Period: Early Twentieth Century
Length: 76.75 inches
Width: 29.5 inches
Height: 29.5 inches
Leg Room: 27 inches
The early twentieth century pine refectory table having a rectangular four-plank, two and a half inch top, on large pitch pine shaped supports united by a central stretcher survives from the twentieth century.
The condition is good and honest with no repair work. There are gaps between each plank to the top but these can be spliced and filled on request. The way the pegs and dowels are left showing is reminiscent of the arts and crafts movement which was prominent at the time that this table was made, being glad to show off the craftsmanship involved in making the table. We have hand waxed and oiled the top.
A refectory table is a highly elongated table used originally for dining in monasteries in Medieval times. In the Late Middle Ages the table gradually became a banqueting or feasting table in castles and other noble residences. The original table manufacture was by hand and created of oak or walnut; the design is based on a trestle-style. Typically the table legs are supported by circumferential stretchers, as we see here, positioned very low to the floor. In its original use, one or more refectory tables were placed within the monks' dining hall or refectory and the larger refectories would have a number of refectory tables where monks would take their meals, often while one of the monks read sacred texts from an elevated pulpit.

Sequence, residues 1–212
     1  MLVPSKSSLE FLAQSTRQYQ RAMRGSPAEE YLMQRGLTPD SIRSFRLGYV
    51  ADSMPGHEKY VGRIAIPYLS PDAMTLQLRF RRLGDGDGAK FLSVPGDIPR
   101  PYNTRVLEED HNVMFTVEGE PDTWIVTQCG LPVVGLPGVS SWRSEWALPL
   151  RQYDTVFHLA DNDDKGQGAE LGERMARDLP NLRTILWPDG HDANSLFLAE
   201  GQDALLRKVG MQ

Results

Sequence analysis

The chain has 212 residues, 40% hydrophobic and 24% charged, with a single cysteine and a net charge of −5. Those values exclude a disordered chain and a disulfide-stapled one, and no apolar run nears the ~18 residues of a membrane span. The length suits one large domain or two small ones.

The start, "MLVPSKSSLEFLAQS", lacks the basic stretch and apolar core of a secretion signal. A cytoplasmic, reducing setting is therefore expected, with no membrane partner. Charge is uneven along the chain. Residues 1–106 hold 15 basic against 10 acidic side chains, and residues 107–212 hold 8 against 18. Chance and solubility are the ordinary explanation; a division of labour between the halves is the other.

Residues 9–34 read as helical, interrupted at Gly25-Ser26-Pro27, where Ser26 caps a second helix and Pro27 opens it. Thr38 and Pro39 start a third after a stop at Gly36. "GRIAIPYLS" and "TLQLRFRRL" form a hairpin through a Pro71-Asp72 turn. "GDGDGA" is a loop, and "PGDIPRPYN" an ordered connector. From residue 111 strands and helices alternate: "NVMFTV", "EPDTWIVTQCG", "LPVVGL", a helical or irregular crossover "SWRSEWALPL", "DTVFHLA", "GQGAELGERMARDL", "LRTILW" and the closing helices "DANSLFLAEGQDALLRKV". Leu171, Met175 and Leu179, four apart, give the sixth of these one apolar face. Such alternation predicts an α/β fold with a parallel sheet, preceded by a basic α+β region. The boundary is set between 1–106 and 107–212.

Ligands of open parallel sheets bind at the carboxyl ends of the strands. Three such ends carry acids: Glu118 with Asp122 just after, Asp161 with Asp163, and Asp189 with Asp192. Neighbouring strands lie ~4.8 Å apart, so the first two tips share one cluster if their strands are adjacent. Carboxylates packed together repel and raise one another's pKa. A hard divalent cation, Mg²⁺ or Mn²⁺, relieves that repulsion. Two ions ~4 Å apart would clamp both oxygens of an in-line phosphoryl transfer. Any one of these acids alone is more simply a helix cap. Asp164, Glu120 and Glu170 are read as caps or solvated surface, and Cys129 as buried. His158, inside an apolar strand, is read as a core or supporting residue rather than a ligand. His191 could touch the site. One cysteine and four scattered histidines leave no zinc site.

Alas, no monks have sat here but many people have and this proves a real family table with a huge amount of charm and character, and of the kind that it really doesn’t matter if those children go crazy with those crayons, or miss their mouths with that there, Bolognese sauce.. does it?